News World Donald Trump’s federal judge pick struggles through legal grilling
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Donald Trump’s federal judge pick struggles through legal grilling

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Matthew Petersen admitted he had never tried a case to verdict. Photo: Getty
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Footage of one of Donald Trump’s picks to become a federal judge struggling through a five-minute legal grilling has gone viral after the nominee failed to exhibit what experts have described as basic legal knowledge.

The cringe-worthy video watched by almost six million people features Matthew Spencer Petersen, nominee for the circuit court of the District of Columbia, revealing an astonishing lack of courtroom experience.

Under rapid-fire questioning by Republican Senator John Kennedy earlier this week, Mr Petersen said he had never tried a case to verdict in a courtroom, and had never tried a civil, criminal, bench, state or federal court trial.

“I understand the challenge that would be ahead of me if I were fortunate enough to become a district court judge,” Mr Petersen said.

“I understand that the path that many successful district court judges have taken is different than I have taken.”

Mr Peterson, a member of the Federal Election Commission, was nominated by Mr Trump for a coveted lifetime appointment as a federal district court judge. The primary task of a federal court judge is to try cases.

Mr Kennedy’s grilling of Mr Petersen went viral on Thursday night (US time) when Senator Sheldon Whitehouse, a Rhode Island Democrat, posted the hearing on his Twitter page.

“Hoo-boy,” Senator Whitehouse captioned the video, which has since received more than 70,000 retweets.

During the questioning, Mr Kennedy asked Mr Petersen if he had participated in a deposition, to which he replied he’d been involved in around five, but had never performed one independently.

Mr Petersen continued to ‘um and ‘ahh’ as Mr Kennedy discovered the nominee could not remember the last time he had read the ‘Federal Rules of Civil Procedure’.

“In my current position, I obviously don’t need to, um, you know, um, be invested in those on a day-to-day basis, but I do try to keep up to speed,” Mr Petersen stammered.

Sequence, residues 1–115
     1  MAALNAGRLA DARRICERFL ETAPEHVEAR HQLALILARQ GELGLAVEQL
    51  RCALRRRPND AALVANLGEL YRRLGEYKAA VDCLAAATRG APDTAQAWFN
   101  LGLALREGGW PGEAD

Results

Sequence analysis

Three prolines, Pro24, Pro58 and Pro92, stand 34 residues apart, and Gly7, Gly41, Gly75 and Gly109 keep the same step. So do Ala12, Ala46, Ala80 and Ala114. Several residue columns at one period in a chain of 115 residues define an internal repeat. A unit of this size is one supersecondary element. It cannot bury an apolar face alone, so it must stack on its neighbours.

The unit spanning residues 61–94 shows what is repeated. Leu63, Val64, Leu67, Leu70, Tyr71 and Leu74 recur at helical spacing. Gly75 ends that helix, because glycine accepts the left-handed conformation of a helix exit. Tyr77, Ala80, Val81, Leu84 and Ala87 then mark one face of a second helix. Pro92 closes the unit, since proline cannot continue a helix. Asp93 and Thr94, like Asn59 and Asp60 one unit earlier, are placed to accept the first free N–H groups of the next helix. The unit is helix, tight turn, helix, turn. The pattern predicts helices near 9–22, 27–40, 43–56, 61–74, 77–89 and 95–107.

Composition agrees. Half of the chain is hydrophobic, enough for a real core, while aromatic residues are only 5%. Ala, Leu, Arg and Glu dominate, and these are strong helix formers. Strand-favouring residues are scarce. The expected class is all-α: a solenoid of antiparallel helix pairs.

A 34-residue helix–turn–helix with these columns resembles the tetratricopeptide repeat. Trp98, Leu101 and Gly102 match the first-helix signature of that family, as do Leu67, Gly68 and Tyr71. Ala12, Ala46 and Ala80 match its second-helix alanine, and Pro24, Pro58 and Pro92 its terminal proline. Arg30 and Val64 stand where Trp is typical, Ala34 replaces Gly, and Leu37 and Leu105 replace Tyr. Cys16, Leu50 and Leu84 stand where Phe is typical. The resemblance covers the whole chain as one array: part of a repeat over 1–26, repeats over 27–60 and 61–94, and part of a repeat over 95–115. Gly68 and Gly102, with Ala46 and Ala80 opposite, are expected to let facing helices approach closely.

As Mr Petersen went on to discuss his role at the Federal Election Commission, Mr Kennedy decided to interrupt and asked when was the last time he had read the ‘Federal Rules of Evidence’.

“The Federal Rules of Evidence all the way through, would be, um, comprehensively would have been in law school,” Mr Petersen said.

“Do you know what a motion in limine is?” Mr Kennedy asked Mr Peterson.

“Again, my background is not in litigation … I appreciate this line of questioning … but I believe that the path I have taken to be in a decision-making role on, I guess, somewhere between 1500 to 2000 enforcement matters, overseeing I don’t know how many cases in federal court …” Mr Peterson rambled in response.

“Yes sir, I’ve read your resume,” Mr Kennedy interrupted. “Just for the record, do you know what a motion in limine is?”

“I would probably not be able to give you a good definition right here at the table,” Petersen answered.

Mr Peterson worked as a junior associate at a major Washington law firm for three years after graduating law school in 1999.

President George W Bush appointed Mr Peterson to the Federal Electoral Commission in 2008.

Mr Peterson’s failure to answer Mr Kennedy’s requests to define legal terms, such as a ‘motion in limine‘ and the case that spawned the ‘Younger abstention doctrine’ have shocked legal experts.

“I was so shocked and appalled I couldn’t believe it,” Joel Friedman, a law professor at Tulane University, told the Advocate.

A White House spokesperson told CNN it was “no surprise” Mr Trump’s opponents were trying to distract from the record-setting success the President has had on judicial nominations.

The video comes just as Mr Trump set a new record for the number of judicial nominees confirmed in a president’s first year, successfully appointing 12 so far.

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